Do-It-Yourself Home Energy Survey Checklist

When a home has particular energy-related problems, homeowners (or potential buyers) can begin the diagnostic process. Although it is not a replacement for professional evaluation, the DIY approach can uncover problems for quick fixes or further investigation.

Inspect the items on this list, make notes about problems, then start prioritizing repairs and upgrades.

☐ Gaps along baseboards, flooring edges, junctures of walls and ceilings, anywhere that two different building materials meet can be sources of energy loss

☐ Insulation around electrical outlets and switch plates. Turn off power to an electrical outlet or switch, use a power tester to double-check to ensure that no current is flowing to the outlet, remove the cover plate and probe around the opened outlet with a stick or screwdriver; resistance indicates presence of insulation

☐ Windows and doors—rattling indicates an air leak source

☐ Fireplace flue—if you can you feel a draft, the fireplace flue may be open, or there may be gaps in the closed position

☐ Cellar door and attic hatch —the hatch should have the same amount and type of insulation as the attic floor

☐ Hot or cold spots on floors or in rooms—indicates possible insulation issues

☐ Drafts through mail slots and pet doors —to reduce energy loss, seal these openings  

☐ Exhaust fans and hoods, dryer vents —ensure appropriate airflow in moisture-heavy spaces  

☐ Foundation seals, siding, mortar between bricks (especially building corners) —these are all areas that require periodic maintenance and are prime sources of air leaks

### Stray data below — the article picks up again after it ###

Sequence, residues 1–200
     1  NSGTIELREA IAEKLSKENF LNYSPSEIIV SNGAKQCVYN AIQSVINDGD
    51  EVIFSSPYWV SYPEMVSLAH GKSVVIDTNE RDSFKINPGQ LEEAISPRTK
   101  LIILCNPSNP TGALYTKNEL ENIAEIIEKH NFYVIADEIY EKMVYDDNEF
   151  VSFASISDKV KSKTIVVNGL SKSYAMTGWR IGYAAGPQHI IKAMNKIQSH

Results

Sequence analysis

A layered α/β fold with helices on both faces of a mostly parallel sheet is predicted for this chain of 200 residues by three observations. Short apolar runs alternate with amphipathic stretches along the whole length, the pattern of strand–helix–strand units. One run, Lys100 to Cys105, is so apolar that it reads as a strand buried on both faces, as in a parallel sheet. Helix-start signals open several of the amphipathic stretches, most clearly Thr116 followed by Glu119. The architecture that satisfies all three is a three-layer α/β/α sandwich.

☐ Worn or improperly installed caulking and weather stripping—remove and replace

☐ Storm windows installed—creates an extra layer of insulation

☐ Vapor barrier underneath insulation tightens the seal on the building envelope and improves insulation’s performance

☐ Attic vents should not be blocked by insulation

☐ Wrapping on water heater, hot water pipes, and furnace ducts is good, providing an extra layer of insulation

☐ Replacement of furnace air filters —most homeowners don’t replace them regularly, but doing so improves indoor air quality and extends the life of your furnace  

☐ Ducts and seams—dirt streaks indicate leakages that should be sealed

☐ Lighting—to improve energy efficiency replace incandescent bulbs with CFL or LED bulbs

☐ Schedule annual HVAC inspections to maintain the best performance from your furnace and air conditioner

☐ Gaps or settling in wall insulation should be filled, most easily with blown-in insulation